The Supreme Court is set to discuss on August 4 the application of President Kersti Kaljulaid to declare the law on the reform of the system of mandatory funded pensions, adopted by the parliament without changes for a second time in mid-March, to be inconsistent with the Constitution.
The Riigikogu first adopted the law on the mandatory funded pension reform, which seeks to do away with a mandatory funded pension, on January 29 this year. After the president had refused to sign the bill into law on February 7, the parliament passed the bill in the unchanged form again on March 11 and on March 16 submitted the bill to be promulgated by the president.
The head of state decided again not to promulgate the pension reform bill and turned to the Supreme Court with an application to declare the bill inconsistent with the Constitution.
"In accordance with the Constitution, the Riigikogu has wide-ranging authority to organize matters in the social sphere," the head of state said, turning to the Supreme Court.
"This includes the right to alter the pension system within the framework we, as a society, have agreed upon in the Constitution. However, the solution currently being offered disproportionately infringes upon people's constitutional rights and is, in a number of places, in contravention of both the principle of legitimate expectation and the principles of the social state and state based on the rule of law set out in the Constitution," she said.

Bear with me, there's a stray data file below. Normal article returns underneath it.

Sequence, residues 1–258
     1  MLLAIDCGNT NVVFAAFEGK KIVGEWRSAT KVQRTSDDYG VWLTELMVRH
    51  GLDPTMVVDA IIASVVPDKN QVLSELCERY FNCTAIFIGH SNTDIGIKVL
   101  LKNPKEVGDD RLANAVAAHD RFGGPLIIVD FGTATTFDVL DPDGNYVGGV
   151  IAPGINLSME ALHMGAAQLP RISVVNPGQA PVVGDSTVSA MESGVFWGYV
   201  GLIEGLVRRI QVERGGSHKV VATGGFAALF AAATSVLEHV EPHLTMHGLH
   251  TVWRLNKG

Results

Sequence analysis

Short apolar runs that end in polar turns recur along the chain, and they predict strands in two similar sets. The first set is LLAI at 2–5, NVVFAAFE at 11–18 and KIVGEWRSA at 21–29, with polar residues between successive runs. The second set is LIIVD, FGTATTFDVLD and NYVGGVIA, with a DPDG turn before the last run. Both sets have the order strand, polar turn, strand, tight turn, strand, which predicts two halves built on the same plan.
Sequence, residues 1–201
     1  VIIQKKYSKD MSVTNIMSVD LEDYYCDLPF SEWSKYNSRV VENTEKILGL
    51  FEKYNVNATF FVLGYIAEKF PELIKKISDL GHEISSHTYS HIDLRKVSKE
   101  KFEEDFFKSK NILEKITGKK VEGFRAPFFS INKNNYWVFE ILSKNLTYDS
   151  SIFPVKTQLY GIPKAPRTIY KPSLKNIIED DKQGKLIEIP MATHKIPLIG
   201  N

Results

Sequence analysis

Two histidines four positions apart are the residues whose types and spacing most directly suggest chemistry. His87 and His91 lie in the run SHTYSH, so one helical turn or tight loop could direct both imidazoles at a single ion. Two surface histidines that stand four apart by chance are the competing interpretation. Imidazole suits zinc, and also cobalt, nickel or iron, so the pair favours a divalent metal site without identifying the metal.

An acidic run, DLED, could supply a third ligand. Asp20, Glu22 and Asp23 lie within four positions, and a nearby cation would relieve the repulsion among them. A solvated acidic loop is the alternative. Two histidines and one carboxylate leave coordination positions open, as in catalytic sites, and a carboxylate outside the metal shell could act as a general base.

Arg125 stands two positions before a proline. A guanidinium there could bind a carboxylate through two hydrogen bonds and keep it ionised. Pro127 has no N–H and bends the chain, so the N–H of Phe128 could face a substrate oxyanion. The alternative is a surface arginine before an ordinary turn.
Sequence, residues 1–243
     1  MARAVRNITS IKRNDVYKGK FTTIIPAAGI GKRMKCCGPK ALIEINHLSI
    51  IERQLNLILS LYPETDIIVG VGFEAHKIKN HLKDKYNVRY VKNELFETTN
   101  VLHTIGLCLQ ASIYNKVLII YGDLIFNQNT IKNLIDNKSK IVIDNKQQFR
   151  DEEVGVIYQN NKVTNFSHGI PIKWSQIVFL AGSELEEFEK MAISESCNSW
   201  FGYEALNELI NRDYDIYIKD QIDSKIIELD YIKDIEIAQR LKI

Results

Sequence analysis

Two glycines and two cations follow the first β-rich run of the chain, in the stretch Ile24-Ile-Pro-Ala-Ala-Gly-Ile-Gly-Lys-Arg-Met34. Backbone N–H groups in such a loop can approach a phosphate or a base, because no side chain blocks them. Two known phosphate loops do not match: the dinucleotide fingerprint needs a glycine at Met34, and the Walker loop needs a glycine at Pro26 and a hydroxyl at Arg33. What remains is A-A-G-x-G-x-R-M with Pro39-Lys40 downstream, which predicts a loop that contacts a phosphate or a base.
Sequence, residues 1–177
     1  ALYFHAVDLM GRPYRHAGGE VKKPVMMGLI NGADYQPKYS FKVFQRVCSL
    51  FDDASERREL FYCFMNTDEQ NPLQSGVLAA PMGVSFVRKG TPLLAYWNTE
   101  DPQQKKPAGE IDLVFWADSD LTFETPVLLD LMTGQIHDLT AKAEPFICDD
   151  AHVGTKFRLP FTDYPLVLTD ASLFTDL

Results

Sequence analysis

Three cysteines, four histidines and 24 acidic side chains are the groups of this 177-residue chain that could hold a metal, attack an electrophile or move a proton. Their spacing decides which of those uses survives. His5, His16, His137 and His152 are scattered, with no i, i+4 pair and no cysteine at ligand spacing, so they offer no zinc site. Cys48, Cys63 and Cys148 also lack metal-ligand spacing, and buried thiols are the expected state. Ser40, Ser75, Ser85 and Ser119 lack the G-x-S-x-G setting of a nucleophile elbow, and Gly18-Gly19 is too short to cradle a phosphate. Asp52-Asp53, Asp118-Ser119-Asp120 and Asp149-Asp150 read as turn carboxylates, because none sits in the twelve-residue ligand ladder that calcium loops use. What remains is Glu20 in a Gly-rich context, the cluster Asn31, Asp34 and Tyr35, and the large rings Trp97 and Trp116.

Kaljulaid also emphasized that in the case of an issue which has this broad a scope and impact on society as wide-ranging changes to the pension system has, it is important for questions to be asked and answered at every possible level, with the Supreme Court ultimately providing clarity and a solution that is acceptable to everyone.
Furthermore, the president observed that the system of mandatory funded pensions has been in effect for over 17 years and by the present time a significant proportion of the population, over 740,000 people, have joined it.
According to the head of state, these people have a legitimate expectation arising from the Constitution that the pension system will remain valid for them principally as long as they need it.
President Kaljulaid has petitioned the Supreme Court once before, in regard to the act expanding the surveillance rights of the Estonian Defense Forces, which the Supreme Court found to be partly unconstitutional. Since Estonia regained its independence, presidents have petitioned the Supreme Court to exercise constitutional oversight a total of 15 times.
Editor: Katriin Eikin Sein